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Why you may owe taxes this year, according to a tax expert

(NEXSTAR) — Tax season is already upon us, and if you’re lucky, you’ll find yourself receiving a nice refund after you’ve filed. 

It’s not luck, however, that determines whether you get a refund. In fact, there are ways to tell whether you’ll be getting a check or owing up. 

“There are a few reasons taxpayers might owe federal taxes instead of getting a refund,” Mark Steber, chief tax information officer for Jackson Hewitt Tax Services, tells Nexstar. That includes withholding too little on your W-4, your income changing, contributions to your FSA or HSA changing, or withdrawing from your retirement account. 

Here’s a look at some events that could leave you without a refund. 

Life changes

Big life changes, like getting a new job, getting married, or having a child, will undoubtedly impact your taxes. 

If you started a new job last year, you may remember filling out a Form W-4, which determines how much is withheld from your paychecks. If you forget to fill one out after a life change, you may find yourself withholding too little, as Steber notes. 

It’s also worth noting that supplemental wages you earned last year, like bonuses, severance pay, or payments for moving costs, are also subject to income taxes, the IRS explains. They are subject to different federal withholding rules, based on how much you received.

During the COVID pandemic, unemployment compensation fell within a range that wasn’t considered taxable. That’s no longer the case. Generally, states won’t withhold taxes on unemployment benefits voluntarily, according to Jackson Hewitt. This could leave you paying up during the tax season. You can, however, ask for taxes to be withheld.

HSAs and FSAs

If you aren’t familiar, an HSA, or health savings account, works like a personal savings account to cover healthcare costs. An FSA, or flexible spending account, also holds funds you can use for some out-of-pocket health care costs. In both cases, the money is tax-free, as long as it’s used for the appropriate costs.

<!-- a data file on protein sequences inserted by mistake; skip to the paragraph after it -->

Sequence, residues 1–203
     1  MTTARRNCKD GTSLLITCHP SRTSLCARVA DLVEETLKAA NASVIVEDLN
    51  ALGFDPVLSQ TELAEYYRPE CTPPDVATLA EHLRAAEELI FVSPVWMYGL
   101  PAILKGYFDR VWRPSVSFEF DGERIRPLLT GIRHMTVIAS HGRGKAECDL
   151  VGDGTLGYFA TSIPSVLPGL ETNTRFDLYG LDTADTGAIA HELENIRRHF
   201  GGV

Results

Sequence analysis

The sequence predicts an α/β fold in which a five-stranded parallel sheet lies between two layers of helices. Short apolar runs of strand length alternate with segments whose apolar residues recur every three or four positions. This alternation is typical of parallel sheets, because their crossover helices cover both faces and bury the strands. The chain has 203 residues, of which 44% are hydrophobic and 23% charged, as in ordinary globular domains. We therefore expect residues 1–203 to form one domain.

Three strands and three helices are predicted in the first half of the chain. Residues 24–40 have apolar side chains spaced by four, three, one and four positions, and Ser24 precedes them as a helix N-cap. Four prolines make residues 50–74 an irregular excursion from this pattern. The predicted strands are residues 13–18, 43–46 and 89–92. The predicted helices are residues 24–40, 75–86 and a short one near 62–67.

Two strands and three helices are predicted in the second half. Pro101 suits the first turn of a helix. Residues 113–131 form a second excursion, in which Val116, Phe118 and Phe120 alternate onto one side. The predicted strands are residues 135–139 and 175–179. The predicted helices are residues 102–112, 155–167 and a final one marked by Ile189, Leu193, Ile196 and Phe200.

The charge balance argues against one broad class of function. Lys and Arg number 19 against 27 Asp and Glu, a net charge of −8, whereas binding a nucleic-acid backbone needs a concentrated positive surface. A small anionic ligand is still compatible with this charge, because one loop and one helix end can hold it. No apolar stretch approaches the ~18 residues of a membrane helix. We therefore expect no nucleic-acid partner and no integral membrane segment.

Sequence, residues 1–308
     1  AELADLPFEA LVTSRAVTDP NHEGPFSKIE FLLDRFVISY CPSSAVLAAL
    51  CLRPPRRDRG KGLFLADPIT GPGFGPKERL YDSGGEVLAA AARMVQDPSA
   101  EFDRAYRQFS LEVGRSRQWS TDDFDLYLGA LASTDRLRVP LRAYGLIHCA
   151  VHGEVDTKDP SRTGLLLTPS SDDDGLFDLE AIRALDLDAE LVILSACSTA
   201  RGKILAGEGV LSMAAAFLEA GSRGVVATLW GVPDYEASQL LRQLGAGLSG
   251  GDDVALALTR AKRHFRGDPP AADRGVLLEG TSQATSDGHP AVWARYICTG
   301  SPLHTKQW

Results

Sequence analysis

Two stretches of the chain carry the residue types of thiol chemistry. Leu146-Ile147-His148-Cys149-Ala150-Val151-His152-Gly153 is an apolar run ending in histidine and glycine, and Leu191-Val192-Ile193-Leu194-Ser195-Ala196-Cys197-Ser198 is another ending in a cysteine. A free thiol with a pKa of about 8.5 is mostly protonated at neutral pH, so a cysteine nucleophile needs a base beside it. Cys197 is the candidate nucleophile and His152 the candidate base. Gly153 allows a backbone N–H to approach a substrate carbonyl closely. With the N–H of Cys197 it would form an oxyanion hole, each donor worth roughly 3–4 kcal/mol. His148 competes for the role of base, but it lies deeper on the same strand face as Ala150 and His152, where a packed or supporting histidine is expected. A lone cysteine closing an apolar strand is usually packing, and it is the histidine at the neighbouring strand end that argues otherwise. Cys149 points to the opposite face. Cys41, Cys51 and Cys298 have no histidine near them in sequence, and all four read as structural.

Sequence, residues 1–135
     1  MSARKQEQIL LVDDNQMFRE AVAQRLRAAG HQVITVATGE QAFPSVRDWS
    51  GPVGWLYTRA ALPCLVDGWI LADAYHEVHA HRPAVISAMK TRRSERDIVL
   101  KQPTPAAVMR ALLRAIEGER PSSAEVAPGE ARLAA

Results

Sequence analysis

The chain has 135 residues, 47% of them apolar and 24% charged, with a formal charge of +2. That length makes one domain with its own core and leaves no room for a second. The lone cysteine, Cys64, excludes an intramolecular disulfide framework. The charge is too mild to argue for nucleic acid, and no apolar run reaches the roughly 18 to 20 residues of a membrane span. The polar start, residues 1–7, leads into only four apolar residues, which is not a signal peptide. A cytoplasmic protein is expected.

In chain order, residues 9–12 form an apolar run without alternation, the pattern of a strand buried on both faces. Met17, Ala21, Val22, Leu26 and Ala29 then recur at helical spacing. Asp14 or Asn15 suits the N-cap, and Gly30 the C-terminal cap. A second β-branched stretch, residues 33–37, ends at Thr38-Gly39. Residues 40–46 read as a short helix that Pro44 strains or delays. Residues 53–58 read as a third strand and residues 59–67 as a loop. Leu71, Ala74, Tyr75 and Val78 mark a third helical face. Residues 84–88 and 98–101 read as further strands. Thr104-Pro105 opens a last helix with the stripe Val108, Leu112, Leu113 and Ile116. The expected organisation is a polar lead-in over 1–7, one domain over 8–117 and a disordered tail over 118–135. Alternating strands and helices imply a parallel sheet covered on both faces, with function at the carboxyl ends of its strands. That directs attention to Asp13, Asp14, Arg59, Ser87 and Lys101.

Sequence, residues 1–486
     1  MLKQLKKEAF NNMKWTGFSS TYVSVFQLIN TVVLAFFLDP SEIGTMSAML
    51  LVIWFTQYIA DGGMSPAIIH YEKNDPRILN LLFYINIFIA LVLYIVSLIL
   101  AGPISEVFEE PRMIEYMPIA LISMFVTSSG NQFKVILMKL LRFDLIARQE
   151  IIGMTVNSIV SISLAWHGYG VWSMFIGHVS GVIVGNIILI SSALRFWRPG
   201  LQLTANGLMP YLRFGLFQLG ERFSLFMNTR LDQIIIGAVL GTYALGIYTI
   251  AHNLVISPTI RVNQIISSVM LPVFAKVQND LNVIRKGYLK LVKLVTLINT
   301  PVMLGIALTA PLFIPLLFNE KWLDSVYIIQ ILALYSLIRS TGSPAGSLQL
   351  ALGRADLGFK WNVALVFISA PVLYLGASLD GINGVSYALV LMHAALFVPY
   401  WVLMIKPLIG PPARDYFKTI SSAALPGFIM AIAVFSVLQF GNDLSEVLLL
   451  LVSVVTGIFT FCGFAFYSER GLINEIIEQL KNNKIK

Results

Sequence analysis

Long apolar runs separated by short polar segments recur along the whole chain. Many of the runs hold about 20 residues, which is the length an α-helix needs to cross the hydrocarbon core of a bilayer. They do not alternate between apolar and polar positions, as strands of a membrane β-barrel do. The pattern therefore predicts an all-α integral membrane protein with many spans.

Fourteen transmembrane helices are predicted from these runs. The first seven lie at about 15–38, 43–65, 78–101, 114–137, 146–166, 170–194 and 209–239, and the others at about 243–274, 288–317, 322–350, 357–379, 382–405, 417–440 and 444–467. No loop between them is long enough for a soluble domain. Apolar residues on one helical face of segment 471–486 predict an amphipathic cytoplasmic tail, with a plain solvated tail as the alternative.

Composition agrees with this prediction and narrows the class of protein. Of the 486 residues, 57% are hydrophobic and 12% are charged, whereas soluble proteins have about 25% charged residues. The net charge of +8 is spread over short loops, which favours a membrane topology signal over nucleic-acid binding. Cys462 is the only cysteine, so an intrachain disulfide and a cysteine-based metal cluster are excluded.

You could owe taxes, however, if you spend those funds on non-health care costs. 

Additionally, if you altered how much you were contributing either between 2022 and 2023, you could find yourself with a smaller or no refund. 

Social Security benefits

While millions of Social Security beneficiaries are seeing bigger monthly checks because of recent cost-of-living adjustments, many are facing a new reality: having to pay taxes on those benefits

It’ll depend on your combined income. If you’re a single-filer with a combined income between $25,000 and $34,000, you could face income tax on 50% of your benefits. Above that range and it’ll be up to 85%. If you file jointly and have a combined income between $32,000 and $44,000, you could see an income tax on up to 50% of your benefits. Above $44,000, up to 85% could be taxable. 

A survey by The Senior Citizens League found that 23% of participants who had been receiving Social Security benefits for at least three years paid federal income tax for the first time during last year’s tax season. The group expects that trend to continue this year. 

Owe taxes but can’t pay? Here’s what to know

Tax experts recommend filing your taxes early, regardless of whether or not you’ll owe money. 

The IRS can penalize you for failing to file as well as for failing to pay the taxes you owe on time. Taxes you owe are subject to interest and monthly late payment penalties, according to the IRS.

If you can’t pay the amount you owe, the IRS recommends paying what you can and exploring payment options, which include short-term and long-term payment plans.

The tax filing deadline falls on April 15 this year.

If you don’t get a refund this year, you may be in line for one next year. In November, the IRS announced inflation adjustments to the tax code, including changes to the standard deduction and individual income brackets. The standard deduction is a dollar amount that reduces the amount of income that is taxable.

Those took effect as we rang in 2024 and will apply to tax returns we file in 2025. The changes could already be reflected in your paycheck this year, though.

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